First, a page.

We have been longing for the moment that Oscar wheels out his sewing machine to start making the canvas walls for the rooms, and that time is finally here!

Lucky for Oscar, the thatch roof has been completed on most of the rooms - just before the heavy rain arrives - and we are starting to see how our new rooms will look from the inside.

Our pallet of dusky neutrals is evident through all our building materials that have been so carefully selected … even the enormous structural gum poles look amazing when they have been sanded back to reveal a silvery finish that perfectly complements the beautiful Rhino Wood.

The walkway now carves an elegant winding path through the bush, and all the curves we put at the centre of the architectural design are now clear to see in their perfect glory.

We are delighted to be working closely with Nzito, an innovative Zambian furniture design company based in Lusaka, to produce a range of bespoke items for the camp. Nzito have introduced us to a craft group working in Mongu (Western Zambia) to produce exquisite items woven out of plant roots resembling weaver nests … quite a challenge scaling up from egg baskets to light fittings!

Polly Hosp, the design consultant on the project, said: “At this point all we can do is trust that the great ideas and hard work in the planning stage produces the look that we are going for … and hope that we love it of course”.

Lion Pride & Wildlife Update

(by Nathan Pilcher with photos by Meyam Njobvu)

This month, the Mwamba-Kaingo lion pride (MKs) continued to hang around in the Lion Camp area chasing buffalo. They caught two buffalo in front of camp within 24 hours, and were chased up and down by elephants who had come to drink in front of camp. Over the last week we have seen the Punks mating with the Hollywood females which we are, of course, hoping will lead to more lion cubs next year.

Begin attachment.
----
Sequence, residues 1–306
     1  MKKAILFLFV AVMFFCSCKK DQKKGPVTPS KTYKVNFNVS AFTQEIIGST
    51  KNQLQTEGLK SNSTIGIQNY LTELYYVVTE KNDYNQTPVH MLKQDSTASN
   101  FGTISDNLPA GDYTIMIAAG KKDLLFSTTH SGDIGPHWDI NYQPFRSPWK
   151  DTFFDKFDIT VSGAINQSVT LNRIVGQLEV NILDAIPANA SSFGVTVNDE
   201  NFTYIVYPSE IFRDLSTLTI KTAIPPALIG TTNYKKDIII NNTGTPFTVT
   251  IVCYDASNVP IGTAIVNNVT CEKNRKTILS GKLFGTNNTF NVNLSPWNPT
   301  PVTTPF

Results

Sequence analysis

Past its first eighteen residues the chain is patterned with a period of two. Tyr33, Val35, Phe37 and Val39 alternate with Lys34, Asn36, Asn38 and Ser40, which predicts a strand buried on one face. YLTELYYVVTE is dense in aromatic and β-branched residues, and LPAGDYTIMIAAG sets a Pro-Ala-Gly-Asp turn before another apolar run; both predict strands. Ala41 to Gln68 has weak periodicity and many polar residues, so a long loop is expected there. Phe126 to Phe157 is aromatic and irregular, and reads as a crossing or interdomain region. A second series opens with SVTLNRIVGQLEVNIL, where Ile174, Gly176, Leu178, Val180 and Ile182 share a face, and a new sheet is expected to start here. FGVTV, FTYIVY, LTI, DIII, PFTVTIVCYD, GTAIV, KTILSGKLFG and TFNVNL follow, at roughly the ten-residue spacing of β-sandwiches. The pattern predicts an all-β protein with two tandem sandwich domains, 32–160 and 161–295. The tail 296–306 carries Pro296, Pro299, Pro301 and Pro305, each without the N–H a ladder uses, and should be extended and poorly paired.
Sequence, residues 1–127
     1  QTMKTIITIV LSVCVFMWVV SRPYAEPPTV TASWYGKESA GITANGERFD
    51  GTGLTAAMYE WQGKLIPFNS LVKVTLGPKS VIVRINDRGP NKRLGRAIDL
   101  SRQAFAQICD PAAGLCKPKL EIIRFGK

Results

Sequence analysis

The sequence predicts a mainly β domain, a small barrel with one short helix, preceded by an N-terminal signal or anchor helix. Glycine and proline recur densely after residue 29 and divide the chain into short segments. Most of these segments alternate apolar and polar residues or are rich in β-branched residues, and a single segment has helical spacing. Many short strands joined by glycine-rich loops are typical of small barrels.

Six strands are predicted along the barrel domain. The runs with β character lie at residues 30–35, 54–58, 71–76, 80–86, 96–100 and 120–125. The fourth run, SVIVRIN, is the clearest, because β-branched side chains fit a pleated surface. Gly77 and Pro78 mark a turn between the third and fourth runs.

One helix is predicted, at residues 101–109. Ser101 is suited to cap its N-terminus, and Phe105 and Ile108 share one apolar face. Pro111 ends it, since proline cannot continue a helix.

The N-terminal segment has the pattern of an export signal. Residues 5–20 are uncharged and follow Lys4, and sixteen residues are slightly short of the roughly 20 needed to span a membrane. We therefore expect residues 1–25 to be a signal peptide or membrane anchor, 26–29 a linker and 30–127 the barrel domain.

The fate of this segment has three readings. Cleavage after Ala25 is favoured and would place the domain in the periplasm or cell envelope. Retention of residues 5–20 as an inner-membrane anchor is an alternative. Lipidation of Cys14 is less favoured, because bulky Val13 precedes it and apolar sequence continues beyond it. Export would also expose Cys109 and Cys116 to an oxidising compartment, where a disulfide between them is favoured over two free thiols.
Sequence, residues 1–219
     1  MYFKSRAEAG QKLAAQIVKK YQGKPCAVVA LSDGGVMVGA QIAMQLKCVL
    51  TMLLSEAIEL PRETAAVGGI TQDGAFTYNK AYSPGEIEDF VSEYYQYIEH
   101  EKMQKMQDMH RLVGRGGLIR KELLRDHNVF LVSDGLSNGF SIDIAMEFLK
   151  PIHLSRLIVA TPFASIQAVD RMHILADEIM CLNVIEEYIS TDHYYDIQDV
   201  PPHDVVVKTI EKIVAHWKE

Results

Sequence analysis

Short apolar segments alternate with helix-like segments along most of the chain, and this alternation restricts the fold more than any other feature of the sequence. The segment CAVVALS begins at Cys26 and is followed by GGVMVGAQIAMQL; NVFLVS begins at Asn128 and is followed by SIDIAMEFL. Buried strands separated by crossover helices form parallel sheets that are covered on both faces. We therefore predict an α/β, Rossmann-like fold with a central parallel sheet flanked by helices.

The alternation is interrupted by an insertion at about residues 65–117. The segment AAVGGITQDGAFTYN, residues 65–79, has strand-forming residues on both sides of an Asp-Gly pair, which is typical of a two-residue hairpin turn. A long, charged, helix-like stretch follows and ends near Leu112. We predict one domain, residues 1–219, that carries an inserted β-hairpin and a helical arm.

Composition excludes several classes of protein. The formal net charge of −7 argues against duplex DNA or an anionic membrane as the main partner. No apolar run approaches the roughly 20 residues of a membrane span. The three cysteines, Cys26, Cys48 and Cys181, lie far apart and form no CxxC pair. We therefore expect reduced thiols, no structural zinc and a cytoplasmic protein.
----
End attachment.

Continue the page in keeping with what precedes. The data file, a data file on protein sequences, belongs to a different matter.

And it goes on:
The wildlife coming down to drink in front of camp has been spectacular as water availability in the park was at its lowest with temperatures soaring. Huge herds of buffalo regularly came, alongside zebra, elephants, giraffe, and a few more permanent wallowing hippo. Two buffalo got stuck in the mud and were found by hyenas that night with lots of commotion and sound.

This time of year we see lots of flowering as trees and shrubs push out vital energy to produce some spectacular blooms. These flowers can produce a much needed food source for many insects, birds and mammals during this dry time of the year. Lots of feeding frenzies were seen with baboons, Vervet Monkeys, squirrels and birds in the trees, and various game below eating the fallen flowers.

The Sausage Tree in particular produces a wonderful display of huge velvet red flowers which open at dusk, and fall to the ground over the first few hours of light the following morning. With various animals moving from tree to tree eating the fallen flowers we would regularly find leopards hiding in the trees waiting to pounce on the prey below, not always successfully though. Malaika's daughter Chipazuwa is particularly keen on this technique.

In November, with the start of rains, we said goodbye to the UK film crew who have been staying at Lion Camp through the last few months of this renovation period.

Producer/Director Beth Brooks said “We’ve been lucky enough to spend two seasons filming natural history series’ in South Luangwa National Park; it’s a truly magical and unique place, packed full of some of Africa’s most iconic and inspiring wildlife. The mighty Luangwa River brings an incredible array of animals, from Aardvarks to Zebras, with everything in between.

Our filming camp, based at Lion Camp, became a hotspot of sightings; from Lion cubs playing on our doorsteps, to elephants mud bathing in the watering hole outside our chalets. South Luangwa is truly one of Africa’s best places to see wildlife as it should be seen; unspoilt and majestic. It stays with you long after you’ve left.

We really enjoyed having the crew in camp, watching clips of the amazing footage they have captured and keeping up to date with all the wildlife action as we rebuild. We would also like to say a special farewell and thanks to Nathan Pilcher who has been sharing his insights in the wildlife updates all season. He is leaving Luangwa to start a new life in France with his family and we wish him every success. 

Staff Spotlight: Emma Robinson

Safari season 2018 heralds a new chapter for Lion Camp and I feel this is the right time to hand over the management reins to a new team.

Having spent the last 15 years developing the Lion Camp ethos and nurturing a skilled team I will inevitably miss the daily challenges and the camp’s unique window on Luangwa’s wildlife.

The continued success of Lion Camp is assured and I wish every guest the best safari experiences in Luangwa.

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